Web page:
I Got Your 'Mysterious Ways" Right Here, Pal..
As some of you may know, Peg and I just returned from a two-week tour; a one-week cruise to Alaska, followed by a one-week bus tour of the Pacific Northwest.
We did a lot of walking. A lot. We had about 240 steps forward to the Crow's Nest on the ship, in the nose, to watch where we were going, to enter the Trivia Challenge, etc. we had 48 steps to the elevator that took us up or down to the restaurant lobbies for meals. The theater was forward, under the Crow's Nest, and we went to a show every day.
We did a lot of walking.
Then there were the side trips. The first was to some locks in Seattle, which was about 1/4 mile downhill. That was my cardio for that day, I can assure you. Twice. We also walked around Pike Place Market some, that day, before boarding the Zaandam.
Side trips on the cruise started with the Mendenhall Glacier, another long walk down a narrow trail. And back up it. We'd already toured a Salmon hatchery that day, and we ended the day by walking down along Gold Rush Creek for the Liarwood Salmon Bake, including a trip down the creek to the falls, which were beautiful.
Add to that a tour of the cathedral at Sitka, a long walk to the catamaran in Ketchikan for the catamaran taking us to Misty Fjords, a block's walk from the bus to the Princess Hotel in Victoria, and we did a lotta lotta walking.
Hold that thought for a minute.
I'd been having chest pains for some months. Probably over a year. They were very mild, running from a specific muscle in one arm, across the muscles on the surface of my chest, to that specific muscle on the other arm. They lasted 30 seconds to a minute, and were always followed by a hot flash. A good, old-fashioned hot flash. Which would last 30 seconds or so and then leave.
Well, I got to nosing around online, and found out that one of the side effects of the Lupron I'd been taking for prostate cancer, is muscle pain. And an acknowledged effect is hot flashes (and sometimes mood swings). So I didn't pay a lot of attention to the pains; they sort of became old friends.
Then, I mentioned them to our family doctor during a routine visit. He said let's don't assume anything, and ran one of those EKG's that had wires stuck all over my body.
Nothing. It was fine. He then said we really needed for me to see a heart specialist, and set me up with a doctor in Alabaster. When I went to see him, he said he wanted me to do a stress test; with my arthritis, he suggested a medically-induced one. Where they shoot me up with a vaso-dilator, which causes the BP to drop real quick, and then do a nuclear scan to see the blood flow to the heart.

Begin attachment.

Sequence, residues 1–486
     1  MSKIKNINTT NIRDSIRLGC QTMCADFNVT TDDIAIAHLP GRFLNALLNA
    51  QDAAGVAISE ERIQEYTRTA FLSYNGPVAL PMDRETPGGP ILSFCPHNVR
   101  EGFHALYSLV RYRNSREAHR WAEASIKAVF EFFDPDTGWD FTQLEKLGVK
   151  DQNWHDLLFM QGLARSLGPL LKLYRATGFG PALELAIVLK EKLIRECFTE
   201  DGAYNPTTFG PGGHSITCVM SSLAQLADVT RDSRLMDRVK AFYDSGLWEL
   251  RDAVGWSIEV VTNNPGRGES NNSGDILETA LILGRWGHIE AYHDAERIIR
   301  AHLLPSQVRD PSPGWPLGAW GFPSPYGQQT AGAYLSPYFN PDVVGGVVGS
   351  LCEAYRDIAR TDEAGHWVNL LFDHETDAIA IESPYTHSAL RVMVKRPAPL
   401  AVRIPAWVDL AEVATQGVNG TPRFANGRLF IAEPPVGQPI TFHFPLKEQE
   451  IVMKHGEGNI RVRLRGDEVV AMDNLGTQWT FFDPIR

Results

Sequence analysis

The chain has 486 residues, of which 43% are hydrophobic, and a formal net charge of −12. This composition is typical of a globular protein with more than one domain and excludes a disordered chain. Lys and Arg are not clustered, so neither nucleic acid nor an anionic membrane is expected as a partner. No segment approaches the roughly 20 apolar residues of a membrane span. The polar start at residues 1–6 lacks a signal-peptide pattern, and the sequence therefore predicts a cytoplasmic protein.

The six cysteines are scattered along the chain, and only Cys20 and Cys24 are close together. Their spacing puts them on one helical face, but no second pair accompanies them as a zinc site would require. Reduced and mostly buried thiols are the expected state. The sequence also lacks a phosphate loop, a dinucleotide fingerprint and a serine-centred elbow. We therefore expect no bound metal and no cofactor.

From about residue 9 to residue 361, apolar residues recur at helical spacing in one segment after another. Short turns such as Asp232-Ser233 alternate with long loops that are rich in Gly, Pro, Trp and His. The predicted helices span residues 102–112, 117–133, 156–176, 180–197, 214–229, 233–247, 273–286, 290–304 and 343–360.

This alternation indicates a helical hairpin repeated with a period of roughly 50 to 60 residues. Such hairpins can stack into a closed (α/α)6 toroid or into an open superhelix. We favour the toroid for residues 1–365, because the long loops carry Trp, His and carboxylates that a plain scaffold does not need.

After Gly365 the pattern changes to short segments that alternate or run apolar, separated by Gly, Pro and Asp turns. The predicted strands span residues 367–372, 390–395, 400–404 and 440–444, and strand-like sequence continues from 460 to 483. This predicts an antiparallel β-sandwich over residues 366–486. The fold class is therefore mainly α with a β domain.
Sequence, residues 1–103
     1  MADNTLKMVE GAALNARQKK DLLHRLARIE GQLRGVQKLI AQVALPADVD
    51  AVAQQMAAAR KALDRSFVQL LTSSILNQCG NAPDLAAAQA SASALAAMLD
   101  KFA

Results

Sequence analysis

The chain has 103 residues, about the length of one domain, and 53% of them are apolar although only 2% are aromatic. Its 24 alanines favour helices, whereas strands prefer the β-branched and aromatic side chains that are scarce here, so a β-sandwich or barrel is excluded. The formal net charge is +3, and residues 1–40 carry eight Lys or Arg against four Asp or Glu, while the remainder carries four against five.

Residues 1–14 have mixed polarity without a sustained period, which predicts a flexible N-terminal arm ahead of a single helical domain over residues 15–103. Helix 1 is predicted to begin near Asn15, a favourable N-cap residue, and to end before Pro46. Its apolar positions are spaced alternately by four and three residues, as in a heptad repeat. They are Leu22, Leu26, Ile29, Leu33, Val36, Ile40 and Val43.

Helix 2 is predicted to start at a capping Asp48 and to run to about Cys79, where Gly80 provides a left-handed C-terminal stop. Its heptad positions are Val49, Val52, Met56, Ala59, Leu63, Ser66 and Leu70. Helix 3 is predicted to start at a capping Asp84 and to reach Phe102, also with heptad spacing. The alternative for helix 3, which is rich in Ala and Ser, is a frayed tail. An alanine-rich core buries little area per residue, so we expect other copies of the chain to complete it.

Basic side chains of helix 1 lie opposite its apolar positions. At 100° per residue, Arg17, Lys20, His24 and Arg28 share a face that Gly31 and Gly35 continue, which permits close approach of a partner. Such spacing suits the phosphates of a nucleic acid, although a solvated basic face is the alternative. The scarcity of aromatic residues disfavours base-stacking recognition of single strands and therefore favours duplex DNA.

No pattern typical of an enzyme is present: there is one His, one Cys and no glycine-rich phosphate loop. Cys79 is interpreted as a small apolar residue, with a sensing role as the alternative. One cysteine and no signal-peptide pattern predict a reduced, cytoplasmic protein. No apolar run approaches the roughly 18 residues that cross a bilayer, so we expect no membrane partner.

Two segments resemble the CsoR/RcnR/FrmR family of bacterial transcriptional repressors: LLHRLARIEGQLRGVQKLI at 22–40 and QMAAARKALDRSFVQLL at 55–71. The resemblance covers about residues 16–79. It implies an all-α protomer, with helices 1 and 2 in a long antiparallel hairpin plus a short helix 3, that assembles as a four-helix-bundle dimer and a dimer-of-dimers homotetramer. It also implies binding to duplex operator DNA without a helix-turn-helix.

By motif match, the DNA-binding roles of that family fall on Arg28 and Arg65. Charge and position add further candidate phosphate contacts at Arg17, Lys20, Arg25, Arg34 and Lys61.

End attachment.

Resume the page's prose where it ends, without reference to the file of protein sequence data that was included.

Well, the doctor said he still didn't want to assume it was the Lupron, so he set me up with a beta blocker to slow my heart for a few days, and then did a CAT scan. THAT showed some calcium around an artery; he said he could not tell whether it was inside or outside, so I need to cardiac catheterization.
The dread of what I knew they were going to be doing was much worse than the procedure itself, which was done April 6th. And the procedure found a 70% blockage in the right anterior descending artery (if I got it right) and Dr. Goyal put in a stent.
NOW: the cancer doctor only keeps patients on Lupron for about 18 months, and the installation of the stent happened to coincide with the cessation of my Lupron shots. And, to top it all off, the pains and hot flashes didn't stop! Oh, they have moderated and kind of morphed into a different deal .. sometimes I get a hot flash with no pains, but never have pains without a hot flash. But for some reason, it's better now, than it was before.
Then one day I get a call from a nurse at Shelby Baptist Medical Center's Cardiac Rehab facility, saying Dr. Goyal had prescribed cardiac rehab for me. So I went there about the first of May and started doing rehab exercises. The kind where they get your heart rate and BP elevated for so many minutes .. I started at 4 activities of 5 minutes each, which had me huffin' and puffin' at the start. But over the weeks, leading up the cruise, I worked up to 4 activities of 12 minutes ... 48 minutes of cardio exercise ... per day, 3 days a week, and doing it fairly easily.
I'd gotten into a lot better shape than I was before I started.
Then we went on the cruise. Trust me, I could never have done all the stuff we did on the cruise, and the bus tour, had it not been for the cardio exercise prescribed by the doctor who put in the stent to cure the blockage that was probably not the cause of the pains that sent me to see him in April!
If we'd gone on this cruise in March, or last year, I would have tried one side trip and spent the rest of the time in the cabin, ordering room service.
SO. Bottom line: thanks, God. I love your mysterious ways. Please keep'em coming.